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MS06-053 revisited ?

Published: 2006-10-05
Last Updated: 2006-10-05 22:22:42 UTC
by Swa Frantzen (Version: 1)
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When we first read MS06-053 we ended up discussing and not fully understanding what Microsoft was trying to say (or hide, depending on your level of trust). It seemed like every time we thought we had it, the confusion crept in again.

Well, the confusion is still not fully gone, but some seem to have developed the thing to a point where there is no ignoring that you do not need an Indexing Service, nor an IIS server in the picture, in fact all you need is Microsoft's browser.

Back to the start

MS06-053 is about a vulnerability in the Indexing Service it seems. The title is "Vulnerability in Indexing Service Could Allow Cross-Site Scripting (920685)". It references to CVE-2006-0032. And has hidden deep inside the workarounds: "Disable page encoding auto-detection in Internet Explorer". So the confusion is really if this is a server problem or a client problem and it somehow seems we're not the only confused ones out there. Now with XSS it's the client that's abused by trusting a vulnerable server. Yet it seems that making the client do things differently the server is saved?

CVE-2006-0032 seems to indicate in its description that it indeed is a problem in the server allowing UTF-7 encoding.

Now what does that encoding look like?

+ADw-SCRIPT+AD4-alert('XSS');+ADw-/SCRIPT+AD4-

Wait a second, "+ADw-" is supposed to represent "<" ? How many application developers know of this encoding?

UTF-7 is defined in RFC2152, titled "Mail-Safe Transformation Format of Unicode". How many of those developers do really care about something designed for email when writing their application for the web?

Ok, back to the core of the problem: this UTF-7 XSS vulnerability in the indexing service, was that it? Or was it just the tip of the iceberg, and is there something wrong in MSIE (as well)?

MSIE

Well it seems that if MSIE is not given a character set, it will autoselect one, and might just choose UTF-7. I'm sure somebody must have found it a cool feature, just like having a flight simulator in excel is cool.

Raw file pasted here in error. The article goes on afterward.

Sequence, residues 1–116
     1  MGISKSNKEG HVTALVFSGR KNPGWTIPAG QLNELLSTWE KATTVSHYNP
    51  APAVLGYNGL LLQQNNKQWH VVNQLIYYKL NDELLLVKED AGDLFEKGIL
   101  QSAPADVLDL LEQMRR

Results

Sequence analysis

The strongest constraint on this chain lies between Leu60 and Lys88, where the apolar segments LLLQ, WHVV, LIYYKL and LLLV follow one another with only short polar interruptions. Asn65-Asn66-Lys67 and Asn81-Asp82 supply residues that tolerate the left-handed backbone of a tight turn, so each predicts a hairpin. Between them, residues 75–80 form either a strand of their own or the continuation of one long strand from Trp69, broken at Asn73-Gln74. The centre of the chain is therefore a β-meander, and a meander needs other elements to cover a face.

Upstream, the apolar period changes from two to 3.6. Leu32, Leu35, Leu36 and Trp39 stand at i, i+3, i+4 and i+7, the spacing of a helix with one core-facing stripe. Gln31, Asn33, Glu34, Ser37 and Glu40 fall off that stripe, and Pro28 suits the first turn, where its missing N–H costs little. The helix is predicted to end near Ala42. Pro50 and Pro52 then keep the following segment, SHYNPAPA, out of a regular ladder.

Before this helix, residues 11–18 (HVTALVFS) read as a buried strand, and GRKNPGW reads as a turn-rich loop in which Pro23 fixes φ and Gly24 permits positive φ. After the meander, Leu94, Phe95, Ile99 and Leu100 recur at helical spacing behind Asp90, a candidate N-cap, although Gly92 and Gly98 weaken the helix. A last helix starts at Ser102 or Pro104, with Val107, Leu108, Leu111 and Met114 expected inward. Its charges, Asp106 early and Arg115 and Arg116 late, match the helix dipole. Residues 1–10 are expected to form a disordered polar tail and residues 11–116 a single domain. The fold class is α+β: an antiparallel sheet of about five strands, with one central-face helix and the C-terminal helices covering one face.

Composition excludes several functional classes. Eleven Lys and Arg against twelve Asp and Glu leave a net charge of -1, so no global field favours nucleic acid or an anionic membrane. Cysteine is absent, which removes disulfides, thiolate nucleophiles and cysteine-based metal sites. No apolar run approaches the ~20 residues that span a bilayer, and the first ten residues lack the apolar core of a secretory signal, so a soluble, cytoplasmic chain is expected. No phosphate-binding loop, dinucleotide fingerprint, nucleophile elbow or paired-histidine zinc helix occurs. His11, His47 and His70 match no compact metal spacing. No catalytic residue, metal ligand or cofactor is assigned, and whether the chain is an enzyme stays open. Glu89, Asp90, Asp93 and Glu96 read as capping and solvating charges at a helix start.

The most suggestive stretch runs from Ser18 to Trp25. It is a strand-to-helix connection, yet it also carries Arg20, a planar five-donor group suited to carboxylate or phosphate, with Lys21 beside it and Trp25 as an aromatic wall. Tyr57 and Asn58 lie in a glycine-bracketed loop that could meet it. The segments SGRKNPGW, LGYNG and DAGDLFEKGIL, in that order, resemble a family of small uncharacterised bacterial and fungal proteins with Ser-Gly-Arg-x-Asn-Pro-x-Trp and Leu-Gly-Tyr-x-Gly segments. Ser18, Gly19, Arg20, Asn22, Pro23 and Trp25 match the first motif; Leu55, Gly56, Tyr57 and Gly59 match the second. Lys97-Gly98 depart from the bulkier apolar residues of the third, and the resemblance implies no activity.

Not giving encoding back and including some seemingly innocent strings ([A-Za-z0-9+\-] is enough) -based on user input- is enough to create a XSS vulnerability for visitors using MSIE.

The "ouch" part are e.g. custom error pages that might not include any character set information but might include (part of) the requested URL: CVE-2006-5152.

Conclusion

  • Well we could put on the recorded message of not using MSIE. It does sound broken, doesn't it? But those that would listen will have done so already by now.
  • We could urge people to change the settings of MSIE:
    1. Launch Internet Explorer
    2. Click on View;
    3. Click on Encoding;
    4. Deselect Auto-select if it is selected.
    but how to do that on a global scale and make it permanent is unclear at this point.
  • We can ask people to take care of their visitors and make the applications stronger in authenticating users before taking actions and in not storing authentication, sensitive information etc. in cookies and the like.
  • If you develop web applications, make sure you always set the encoding, don't ever let MSIE guess as perfectly innocent looking strings might cause XSS problems.
  • We could urge people to look at their errorlog and find 404 results and see if there was recon on using UTF-7 in it, but the recon can be very subtle. So at least check if your custom 404 web pages return the requested URL and stop doing that.
--
Swa Frantzen -- Section 66
Keywords: 404 Microsoft MSIE XSS
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